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From left, LSU wide receiver Justin Beckwith (87) , LSU safety JaCoby Stevens (3) and LSU wide receiver Stephen Sullivan (10) in a drill Wednesday, August 30, 2017, at LSU's indoor practice facility in Baton Rouge, La.

Eight months into his career at LSU, JaCoby Stevens has pulled off a tough act.

He’s played three positions.

Stevens, a mid-year enrollee who joined the team in January as a safety, has moved from receiver to the Tigers’ F-back position in offensive coordinator Matt Canada’s offense. It’s another attempt by coaches to find a consistent use for the athletic, smart freshman who arrived on campus as the top-ranked safety in the 2017 class.

Stevens made his debut at the hybrid position – it’s a mix of fullback and tight end primarily – during LSU’s 35-26 win over Syracuse last week. He caught a shovel pass, taking it 5 yards, and he ran passing routes, too.

“He adds a nice threat there,” said starting F-back JD Moore.

A month into the season, LSU’s F-back rotation is coming into view.

Moore is the versatile starter, a senior who handles all three duties of an F-back: blocking, running the ball at times and serving as a receiver in, normally, short and intermediate routes. Junior David Ducre appears to be the immediate backup to Moore, a versatile player who can do all three as well.

Two freshmen have entered the mix as of late: Stevens and a more run-blocking F-back in Tory Carter. The F-back position normally aligns in a wing spot, just off the line of scrimmage and off set from the tight end.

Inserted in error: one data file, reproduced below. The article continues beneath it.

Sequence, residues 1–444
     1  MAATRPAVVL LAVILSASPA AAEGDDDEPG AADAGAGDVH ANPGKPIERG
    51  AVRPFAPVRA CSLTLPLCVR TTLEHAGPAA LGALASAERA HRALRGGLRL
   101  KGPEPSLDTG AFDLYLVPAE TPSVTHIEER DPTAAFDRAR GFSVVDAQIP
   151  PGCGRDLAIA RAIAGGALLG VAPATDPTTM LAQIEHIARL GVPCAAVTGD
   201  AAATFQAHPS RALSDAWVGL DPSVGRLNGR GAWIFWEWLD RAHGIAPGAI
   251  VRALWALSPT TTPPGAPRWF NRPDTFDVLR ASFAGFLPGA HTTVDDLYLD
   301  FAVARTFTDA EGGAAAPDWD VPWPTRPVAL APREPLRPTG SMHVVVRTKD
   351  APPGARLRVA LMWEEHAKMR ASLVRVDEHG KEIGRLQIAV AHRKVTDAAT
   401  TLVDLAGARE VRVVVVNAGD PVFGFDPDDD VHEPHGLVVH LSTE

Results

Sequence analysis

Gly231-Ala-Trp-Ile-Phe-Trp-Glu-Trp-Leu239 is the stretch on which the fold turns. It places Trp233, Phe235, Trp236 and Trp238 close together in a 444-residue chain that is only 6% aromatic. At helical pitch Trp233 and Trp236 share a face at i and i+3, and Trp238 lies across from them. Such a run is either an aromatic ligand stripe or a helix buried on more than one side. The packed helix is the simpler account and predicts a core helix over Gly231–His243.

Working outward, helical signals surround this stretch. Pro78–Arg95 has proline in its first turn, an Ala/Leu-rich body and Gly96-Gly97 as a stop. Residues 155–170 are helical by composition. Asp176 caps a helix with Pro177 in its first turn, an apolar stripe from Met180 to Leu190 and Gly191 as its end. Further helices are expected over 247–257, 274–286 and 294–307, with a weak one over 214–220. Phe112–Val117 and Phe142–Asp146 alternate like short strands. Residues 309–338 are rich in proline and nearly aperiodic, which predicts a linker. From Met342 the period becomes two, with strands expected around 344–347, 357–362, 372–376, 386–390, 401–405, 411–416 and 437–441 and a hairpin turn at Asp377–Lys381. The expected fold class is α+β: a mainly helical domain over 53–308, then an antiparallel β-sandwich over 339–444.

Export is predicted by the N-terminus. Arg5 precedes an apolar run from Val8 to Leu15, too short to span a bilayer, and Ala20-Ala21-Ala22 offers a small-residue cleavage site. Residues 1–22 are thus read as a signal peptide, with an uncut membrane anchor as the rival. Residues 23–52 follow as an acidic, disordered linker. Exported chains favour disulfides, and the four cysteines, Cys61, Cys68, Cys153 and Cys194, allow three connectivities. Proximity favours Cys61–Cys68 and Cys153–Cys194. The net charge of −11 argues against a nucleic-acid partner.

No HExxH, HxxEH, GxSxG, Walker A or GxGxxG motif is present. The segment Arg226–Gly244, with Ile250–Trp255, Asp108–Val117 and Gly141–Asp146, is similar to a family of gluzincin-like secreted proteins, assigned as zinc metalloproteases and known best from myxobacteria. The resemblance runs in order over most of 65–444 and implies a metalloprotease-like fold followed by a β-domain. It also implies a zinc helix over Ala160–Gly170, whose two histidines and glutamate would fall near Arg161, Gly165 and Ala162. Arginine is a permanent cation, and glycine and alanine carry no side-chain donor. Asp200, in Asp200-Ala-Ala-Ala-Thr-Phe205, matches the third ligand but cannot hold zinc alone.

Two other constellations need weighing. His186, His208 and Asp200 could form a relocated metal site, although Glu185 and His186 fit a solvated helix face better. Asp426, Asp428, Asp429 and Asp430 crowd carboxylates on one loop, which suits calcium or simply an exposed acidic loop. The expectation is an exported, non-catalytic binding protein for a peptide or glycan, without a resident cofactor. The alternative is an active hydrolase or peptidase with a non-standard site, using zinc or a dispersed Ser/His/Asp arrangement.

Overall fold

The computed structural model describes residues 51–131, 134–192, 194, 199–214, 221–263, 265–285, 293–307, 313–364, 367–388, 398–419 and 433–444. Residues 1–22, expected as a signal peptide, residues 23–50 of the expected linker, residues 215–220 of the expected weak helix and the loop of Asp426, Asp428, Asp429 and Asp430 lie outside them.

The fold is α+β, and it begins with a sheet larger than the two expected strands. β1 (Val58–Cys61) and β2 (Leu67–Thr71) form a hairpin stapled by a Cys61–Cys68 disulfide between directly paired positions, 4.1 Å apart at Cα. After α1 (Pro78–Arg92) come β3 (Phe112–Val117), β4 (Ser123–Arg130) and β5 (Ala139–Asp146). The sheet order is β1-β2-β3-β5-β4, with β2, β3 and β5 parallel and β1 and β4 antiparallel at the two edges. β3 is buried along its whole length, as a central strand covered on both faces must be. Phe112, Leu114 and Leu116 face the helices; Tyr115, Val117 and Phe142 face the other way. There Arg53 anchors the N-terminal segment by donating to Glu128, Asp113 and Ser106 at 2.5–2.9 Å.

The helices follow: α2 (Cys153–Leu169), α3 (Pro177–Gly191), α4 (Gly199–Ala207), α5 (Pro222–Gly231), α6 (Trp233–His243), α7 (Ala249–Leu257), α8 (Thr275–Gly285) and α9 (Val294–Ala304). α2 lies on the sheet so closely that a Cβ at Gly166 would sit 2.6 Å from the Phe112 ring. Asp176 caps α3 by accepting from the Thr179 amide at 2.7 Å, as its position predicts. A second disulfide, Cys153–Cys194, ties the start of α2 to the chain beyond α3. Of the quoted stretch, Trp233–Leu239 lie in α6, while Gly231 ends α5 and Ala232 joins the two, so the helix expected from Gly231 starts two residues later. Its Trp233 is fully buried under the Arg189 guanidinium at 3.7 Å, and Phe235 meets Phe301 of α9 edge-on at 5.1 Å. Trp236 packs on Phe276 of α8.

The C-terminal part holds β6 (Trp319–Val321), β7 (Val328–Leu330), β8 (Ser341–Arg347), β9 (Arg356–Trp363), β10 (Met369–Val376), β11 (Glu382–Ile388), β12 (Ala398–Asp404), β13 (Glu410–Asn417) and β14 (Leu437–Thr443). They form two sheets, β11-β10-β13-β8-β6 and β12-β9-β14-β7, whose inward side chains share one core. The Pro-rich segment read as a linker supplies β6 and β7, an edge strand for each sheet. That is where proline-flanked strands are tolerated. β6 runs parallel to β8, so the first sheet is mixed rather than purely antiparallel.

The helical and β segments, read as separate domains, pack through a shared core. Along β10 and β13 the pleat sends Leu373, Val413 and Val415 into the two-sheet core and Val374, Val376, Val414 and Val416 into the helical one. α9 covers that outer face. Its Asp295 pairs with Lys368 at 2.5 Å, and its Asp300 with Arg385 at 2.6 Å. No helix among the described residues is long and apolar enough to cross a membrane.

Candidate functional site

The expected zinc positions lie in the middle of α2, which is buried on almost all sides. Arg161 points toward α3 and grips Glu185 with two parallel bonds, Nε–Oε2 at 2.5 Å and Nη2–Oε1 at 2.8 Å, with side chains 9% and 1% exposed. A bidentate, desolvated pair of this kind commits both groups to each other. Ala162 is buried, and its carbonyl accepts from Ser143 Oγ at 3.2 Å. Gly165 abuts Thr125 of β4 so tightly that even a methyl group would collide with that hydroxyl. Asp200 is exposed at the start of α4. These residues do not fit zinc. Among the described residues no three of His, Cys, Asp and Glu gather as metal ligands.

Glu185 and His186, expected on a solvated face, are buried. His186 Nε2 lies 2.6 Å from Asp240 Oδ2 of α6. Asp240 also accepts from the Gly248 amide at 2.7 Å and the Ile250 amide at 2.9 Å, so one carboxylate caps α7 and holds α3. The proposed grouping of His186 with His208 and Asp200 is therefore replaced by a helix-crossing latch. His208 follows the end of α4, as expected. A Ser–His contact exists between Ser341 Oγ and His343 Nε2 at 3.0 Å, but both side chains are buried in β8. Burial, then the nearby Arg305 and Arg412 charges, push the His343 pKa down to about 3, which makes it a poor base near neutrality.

Stevens provides the position a more offensive threat than any other player in the rotation. He’s a guy who can create mismatches, as Canada might move him from out wide to inside, potentially catching the opponent in a defensive back-heavy defense.

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“He gives us another little wrinkle there because he’s a receiver and so when we put him in there he’s capable of … we keep the other team’s three-wide defense out there,” Moore said. “JaCoby being a real big, physical kind of guy, we can run our run plays and have him go out in the alley or sneak out in the flat or run a route like we saw a few times on Saturday.”

Stevens’ move to receiver was made to boost a thin position group and provide him with more opportunities to play. He made one catch through the first three games.

In the spring, he joined a stacked secondary, and fellow mid-year enrollee Grant Delpit surpassed him in the DB pecking order.

LSU’s safety depth isn’t as it was in the spring, though. The 25th-ranked Tigers (3-1) lost senior rotational player Ed Paris for the season to a knee injury, and starter John Battle is banged up, too, though he’s expected to play this week’s game against Troy (3-1).

Stevens “could” move back to safety, Orgeron said, but coaches aren’t planning that just yet.

“Obviously, that would be an emergency, but we're not ready to go there yet,” he said.

Meanwhile, Stevens remains at F-back. The 6-2, 215-pounder practiced there Tuesday. And he’s not just a threat to catch passes or get handoffs.

“He’s just a physical player, big guy who’s not afraid to hit,” he said. “He’s capable of going out and blocking a nickleback or a DB or linebacker if he needs to.”

Follow Ross Dellenger on Twitter, @RossDellenger.